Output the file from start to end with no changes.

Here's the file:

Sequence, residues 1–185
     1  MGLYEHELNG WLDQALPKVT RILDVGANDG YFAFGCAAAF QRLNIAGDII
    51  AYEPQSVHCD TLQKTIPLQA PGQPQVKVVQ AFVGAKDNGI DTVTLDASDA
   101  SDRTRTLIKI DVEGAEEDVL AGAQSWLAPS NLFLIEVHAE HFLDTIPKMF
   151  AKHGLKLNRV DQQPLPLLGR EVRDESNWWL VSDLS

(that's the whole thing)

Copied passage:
Sequence, residues 1–185
     1  MGLYEHELNG WLDQALPKVT RILDVGANDG YFAFGCAAAF QRLNIAGDII
    51  AYEPQSVHCD TLQKTIPLQA PGQPQVKVVQ AFVGAKDNGI DTVTLDASDA
   101  SDRTRTLIKI DVEGAEEDVL AGAQSWLAPS NLFLIEVHAE HFLDTIPKMF
   151  AKHGLKLNRV DQQPLPLLGR EVRDESNWWL VSDLS